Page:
3. pcmct says:

    To say even close to 3 trees are planted for every one cut is a gross exaggeration . I urge people to drive to the bush and see for yourself the rape of our forests by these forest companies . The only payback for replanting is moral , so it doesn’t get done !

    • G Graham R.P.F. says:

      Before rushing out to the bush in a rage, I recommend taking a few minuts to read Ontario’s Annual Reports on Forest Management; http://www.mnr.gov.on.ca/en/Business/Forests/2ColumnSubPage/STDPROD_101824.html. There’s no direct correlation between the number of trees harvested and the number that must be planted to regrow a forest. There are many ways to regrow a forest. Planting trees is only one tool. The number of trees planned to regenerate naturally is not even counted but far exceeds what’s planted.

      In 2009-10, 99,500 hectares of public forest were harvested. 152,000 hectares were regenerated. 94,000 hectares were regenerated by natural methods. 58,000 hectares were planted. On those 58,000 hectares there were 82 million trees planted for a density of 1,400 trees per hectare on the planted areas. Forest regeneration is legislated in Ontario. You only have to go out with an open mind to see the results.

      • pcmct says:

        I don’t rush into the bush in a rage , I calmly go fishing , camping , berry picking , you know , the usual stuff . Then I drive by the carnage left by logging operations . Is there a time limit on legislated regeneration ? Cause I’m still waiting . Oh wait , that must be the natural regeneration method . Maybe we can aerial seed . Whoops , then we have to thin . It costs big money to plant trees , so I understand the preference for natural regeneration . Unfortunately only time will tell how successful methods used will be .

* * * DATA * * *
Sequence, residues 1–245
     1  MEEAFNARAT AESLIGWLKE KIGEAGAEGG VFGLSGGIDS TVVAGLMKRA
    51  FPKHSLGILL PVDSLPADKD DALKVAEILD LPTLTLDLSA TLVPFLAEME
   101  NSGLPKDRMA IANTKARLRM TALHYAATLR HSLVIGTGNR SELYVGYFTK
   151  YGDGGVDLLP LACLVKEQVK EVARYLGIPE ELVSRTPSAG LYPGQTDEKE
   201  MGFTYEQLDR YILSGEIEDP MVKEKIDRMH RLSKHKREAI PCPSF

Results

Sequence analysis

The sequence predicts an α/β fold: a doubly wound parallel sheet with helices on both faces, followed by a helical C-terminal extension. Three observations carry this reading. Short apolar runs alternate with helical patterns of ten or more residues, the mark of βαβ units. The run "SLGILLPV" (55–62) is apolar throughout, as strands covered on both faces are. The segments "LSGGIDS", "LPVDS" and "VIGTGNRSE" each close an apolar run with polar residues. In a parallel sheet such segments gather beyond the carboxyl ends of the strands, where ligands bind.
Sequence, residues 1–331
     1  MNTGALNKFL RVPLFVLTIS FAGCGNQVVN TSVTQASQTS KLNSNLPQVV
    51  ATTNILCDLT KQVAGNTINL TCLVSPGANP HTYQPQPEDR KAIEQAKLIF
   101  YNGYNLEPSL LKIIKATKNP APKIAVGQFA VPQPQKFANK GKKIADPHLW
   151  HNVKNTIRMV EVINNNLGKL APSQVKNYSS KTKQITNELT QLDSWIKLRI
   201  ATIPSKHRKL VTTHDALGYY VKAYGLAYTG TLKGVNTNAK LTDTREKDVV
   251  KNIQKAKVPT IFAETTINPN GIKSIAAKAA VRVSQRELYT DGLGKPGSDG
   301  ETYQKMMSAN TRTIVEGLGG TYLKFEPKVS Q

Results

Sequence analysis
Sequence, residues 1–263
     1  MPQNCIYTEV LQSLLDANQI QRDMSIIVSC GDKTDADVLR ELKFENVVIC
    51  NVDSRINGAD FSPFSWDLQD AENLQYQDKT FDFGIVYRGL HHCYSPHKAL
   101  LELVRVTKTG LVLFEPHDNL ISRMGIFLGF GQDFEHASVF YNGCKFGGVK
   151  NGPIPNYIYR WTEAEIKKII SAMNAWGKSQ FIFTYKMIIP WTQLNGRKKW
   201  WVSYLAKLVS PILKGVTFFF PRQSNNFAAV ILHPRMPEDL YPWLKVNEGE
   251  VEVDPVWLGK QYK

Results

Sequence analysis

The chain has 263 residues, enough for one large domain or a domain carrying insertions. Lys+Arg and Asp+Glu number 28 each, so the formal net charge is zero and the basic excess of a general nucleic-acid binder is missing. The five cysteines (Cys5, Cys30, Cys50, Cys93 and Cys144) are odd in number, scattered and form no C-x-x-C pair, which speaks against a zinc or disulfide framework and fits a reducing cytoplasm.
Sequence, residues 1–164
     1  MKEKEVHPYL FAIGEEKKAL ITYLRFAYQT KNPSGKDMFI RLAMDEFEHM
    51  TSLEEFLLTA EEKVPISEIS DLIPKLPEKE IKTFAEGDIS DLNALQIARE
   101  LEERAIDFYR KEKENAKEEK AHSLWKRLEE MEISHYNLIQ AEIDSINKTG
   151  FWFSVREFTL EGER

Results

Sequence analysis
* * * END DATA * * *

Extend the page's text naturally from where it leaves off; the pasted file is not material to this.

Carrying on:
4. Barb Pickering says:

    It would be useful if this site included the positions presented by environmental groups, rather than simply saying they are against forestry. Where are the position papers on which you base your assumptions? Are we to simply follow blindly on your say-so because the Forestry Industry tells you what to say? Environmentalists are pushing us to move towards renewable resources. That includes use of wood. From what I have read, they are saying only ‘do it right’.

    • charlee23 says:

      We would encourage you to read our recent post “media release”. It contains a backgrounder that highlights numerous recent instances where environmental groups are twisting the facts to undermine forestry.

      The REAL Treehugger campaign has been launched in an attempt to bring balance to the discussion – we are supportive of protecting our environment in a balanced way that does not put Northerners on the “endangered species list”. Every action that humans make on this earth has some sort of environmental impact and needs to be undertaken in a way that mitigates unnecessary negative effects but with an understanding of the needs of economic and social outcomes. Our citizens need jobs and our communities need social services through payment of taxes from those jobs.

      • Barb Pickering says:

        Yes, that is included here, and I did read it. However, can you also include the original positions or discussion papers of Greenpeace and more moderate groups such as the David Suzuki Foundation. We have here only one side of the story, yours, and nothing from the mouths of the groups to whose actions you are objecting. As you say, you want balance. I think that this would be how to achieve it.